Before the featured portal process ceased in 2017, this had been designated as a featured portal.


From Wikipedia, the free encyclopedia
Jump to navigation Jump to search

Welcome to the Poland Portal — Witaj w Portalu o Polsce

Cityscape of Kraków, Poland's former capital
Cityscape of Kraków, Poland's former capital
Coat of arms of Poland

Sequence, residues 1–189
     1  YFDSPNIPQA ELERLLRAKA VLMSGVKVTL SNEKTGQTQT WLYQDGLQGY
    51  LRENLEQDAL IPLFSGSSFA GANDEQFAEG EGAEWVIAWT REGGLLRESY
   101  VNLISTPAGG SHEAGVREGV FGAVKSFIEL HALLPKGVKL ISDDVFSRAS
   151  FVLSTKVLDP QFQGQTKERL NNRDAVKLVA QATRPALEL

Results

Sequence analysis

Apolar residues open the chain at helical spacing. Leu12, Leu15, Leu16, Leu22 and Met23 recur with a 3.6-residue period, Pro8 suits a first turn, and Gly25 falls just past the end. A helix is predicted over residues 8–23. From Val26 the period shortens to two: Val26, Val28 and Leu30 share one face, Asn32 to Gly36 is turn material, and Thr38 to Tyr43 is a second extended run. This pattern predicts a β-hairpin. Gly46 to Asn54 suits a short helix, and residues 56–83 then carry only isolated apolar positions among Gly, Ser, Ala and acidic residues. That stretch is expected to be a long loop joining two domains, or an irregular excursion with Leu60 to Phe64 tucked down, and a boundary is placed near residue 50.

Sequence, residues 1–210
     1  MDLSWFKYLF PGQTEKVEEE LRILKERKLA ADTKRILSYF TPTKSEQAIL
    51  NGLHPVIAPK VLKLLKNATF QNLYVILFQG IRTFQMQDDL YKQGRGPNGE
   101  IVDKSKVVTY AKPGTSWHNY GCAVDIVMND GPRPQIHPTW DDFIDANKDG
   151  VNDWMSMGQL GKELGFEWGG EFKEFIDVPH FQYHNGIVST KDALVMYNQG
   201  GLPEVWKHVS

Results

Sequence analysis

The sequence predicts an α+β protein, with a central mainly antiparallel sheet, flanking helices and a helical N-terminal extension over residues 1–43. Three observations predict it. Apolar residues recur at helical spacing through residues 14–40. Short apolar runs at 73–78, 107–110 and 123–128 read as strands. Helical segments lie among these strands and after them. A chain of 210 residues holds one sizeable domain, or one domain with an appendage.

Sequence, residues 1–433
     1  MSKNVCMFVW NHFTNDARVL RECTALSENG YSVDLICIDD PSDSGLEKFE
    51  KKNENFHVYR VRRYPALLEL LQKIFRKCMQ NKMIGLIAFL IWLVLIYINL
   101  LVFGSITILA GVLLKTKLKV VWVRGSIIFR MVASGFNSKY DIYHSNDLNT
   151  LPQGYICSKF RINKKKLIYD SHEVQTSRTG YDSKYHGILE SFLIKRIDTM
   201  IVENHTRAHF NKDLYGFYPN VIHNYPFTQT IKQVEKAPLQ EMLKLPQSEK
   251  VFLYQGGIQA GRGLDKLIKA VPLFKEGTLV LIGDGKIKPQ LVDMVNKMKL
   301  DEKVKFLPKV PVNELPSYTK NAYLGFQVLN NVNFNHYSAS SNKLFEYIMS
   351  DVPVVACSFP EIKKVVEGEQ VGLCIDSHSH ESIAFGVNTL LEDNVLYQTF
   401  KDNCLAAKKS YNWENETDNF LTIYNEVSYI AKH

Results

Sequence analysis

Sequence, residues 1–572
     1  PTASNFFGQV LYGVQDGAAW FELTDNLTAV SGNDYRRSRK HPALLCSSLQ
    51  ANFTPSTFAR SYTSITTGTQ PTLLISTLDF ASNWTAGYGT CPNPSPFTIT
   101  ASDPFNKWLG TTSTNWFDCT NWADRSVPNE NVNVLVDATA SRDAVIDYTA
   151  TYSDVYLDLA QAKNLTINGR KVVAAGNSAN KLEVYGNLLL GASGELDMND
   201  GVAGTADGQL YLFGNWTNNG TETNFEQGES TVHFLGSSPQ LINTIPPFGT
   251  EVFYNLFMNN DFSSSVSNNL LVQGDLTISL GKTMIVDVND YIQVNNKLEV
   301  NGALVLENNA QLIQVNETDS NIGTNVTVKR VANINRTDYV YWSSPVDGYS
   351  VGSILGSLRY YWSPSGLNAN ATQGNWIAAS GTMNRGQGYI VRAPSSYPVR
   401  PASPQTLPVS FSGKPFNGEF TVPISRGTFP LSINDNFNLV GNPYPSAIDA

Poland is a country in Central Europe, bordered by Germany to the west; the Czech Republic and Slovakia to the south; Ukraine, Belarus and Lithuania to the east; and the Baltic Sea and Russia's Kaliningrad Oblast to the north. It is an ancient nation whose history as a state began near the middle of the 10th century. Its golden age occurred in the 16th century when it united with the Grand Duchy of Lithuania to form the Polish–Lithuanian Commonwealth. During the following century, the strengthening of the gentry and internal disorders weakened the nation. In a series of agreements in the late 18th century, Russia, Prussia and Austria partitioned Poland amongst themselves. It regained independence as the Second Polish Republic in the aftermath of World War I only to lose it again when it was occupied by Nazi Germany and the Soviet Union in World War II. The nation lost over six million citizens in the war, following which it emerged as the communist People's Republic of Poland under strong Soviet influence within the Eastern Bloc. A westward border shift followed by forced population transfers after the war turned a once multiethnic country into a mostly homogeneous nation state. Labor turmoil in 1980 led to the formation of the independent trade union called Solidarity (Solidarność) that over time became a political force which by 1990 had swept parliamentary elections and the presidency. A shock therapy program during the early 1990s enabled the country to transform its economy into one of the most robust in Central Europe. With its transformation to a democratic, market-oriented country completed, Poland is an increasingly active member of NATO and the European Union.